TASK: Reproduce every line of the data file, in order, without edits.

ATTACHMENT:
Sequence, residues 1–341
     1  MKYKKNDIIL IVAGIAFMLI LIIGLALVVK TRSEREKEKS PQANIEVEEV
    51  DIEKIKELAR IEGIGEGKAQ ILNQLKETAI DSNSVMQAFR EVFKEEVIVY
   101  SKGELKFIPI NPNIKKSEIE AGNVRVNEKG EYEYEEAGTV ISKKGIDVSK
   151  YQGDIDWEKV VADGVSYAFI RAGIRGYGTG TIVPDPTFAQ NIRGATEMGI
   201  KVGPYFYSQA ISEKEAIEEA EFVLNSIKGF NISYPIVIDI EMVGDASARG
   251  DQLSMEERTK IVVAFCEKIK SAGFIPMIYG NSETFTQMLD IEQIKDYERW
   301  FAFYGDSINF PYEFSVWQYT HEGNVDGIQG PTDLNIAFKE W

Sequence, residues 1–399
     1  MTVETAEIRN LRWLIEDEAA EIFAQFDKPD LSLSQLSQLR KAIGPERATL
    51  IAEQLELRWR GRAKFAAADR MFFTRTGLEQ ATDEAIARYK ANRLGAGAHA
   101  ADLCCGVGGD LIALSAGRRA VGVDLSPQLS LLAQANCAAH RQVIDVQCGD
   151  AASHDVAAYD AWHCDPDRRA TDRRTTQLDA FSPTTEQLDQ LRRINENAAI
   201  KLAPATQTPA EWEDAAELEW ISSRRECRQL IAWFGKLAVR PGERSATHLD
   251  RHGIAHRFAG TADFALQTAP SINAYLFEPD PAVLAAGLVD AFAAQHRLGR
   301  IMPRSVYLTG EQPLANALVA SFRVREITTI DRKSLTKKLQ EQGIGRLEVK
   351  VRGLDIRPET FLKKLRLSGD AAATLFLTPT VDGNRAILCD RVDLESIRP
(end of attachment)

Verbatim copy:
Sequence, residues 1–341
     1  MKYKKNDIIL IVAGIAFMLI LIIGLALVVK TRSEREKEKS PQANIEVEEV
    51  DIEKIKELAR IEGIGEGKAQ ILNQLKETAI DSNSVMQAFR EVFKEEVIVY
   101  SKGELKFIPI NPNIKKSEIE AGNVRVNEKG EYEYEEAGTV ISKKGIDVSK
   151  YQGDIDWEKV VADGVSYAFI RAGIRGYGTG TIVPDPTFAQ NIRGATEMGI
   201  KVGPYFYSQA ISEKEAIEEA EFVLNSIKGF NISYPIVIDI EMVGDASARG
   251  DQLSMEERTK IVVAFCEKIK SAGFIPMIYG NSETFTQMLD IEQIKDYERW
   301  FAFYGDSINF PYEFSVWQYT HEGNVDGIQG PTDLNIAFKE W

Sequence, residues 1–399
     1  MTVETAEIRN LRWLIEDEAA EIFAQFDKPD LSLSQLSQLR KAIGPERATL
    51  IAEQLELRWR GRAKFAAADR MFFTRTGLEQ ATDEAIARYK ANRLGAGAHA
   101  ADLCCGVGGD LIALSAGRRA VGVDLSPQLS LLAQANCAAH RQVIDVQCGD
   151  AASHDVAAYD AWHCDPDRRA TDRRTTQLDA FSPTTEQLDQ LRRINENAAI
   201  KLAPATQTPA EWEDAAELEW ISSRRECRQL IAWFGKLAVR PGERSATHLD
   251  RHGIAHRFAG TADFALQTAP SINAYLFEPD PAVLAAGLVD AFAAQHRLGR
   301  IMPRSVYLTG EQPLANALVA SFRVREITTI DRKSLTKKLQ EQGIGRLEVK
   351  VRGLDIRPET FLKKLRLSGD AAATLFLTPT VDGNRAILCD RVDLESIRP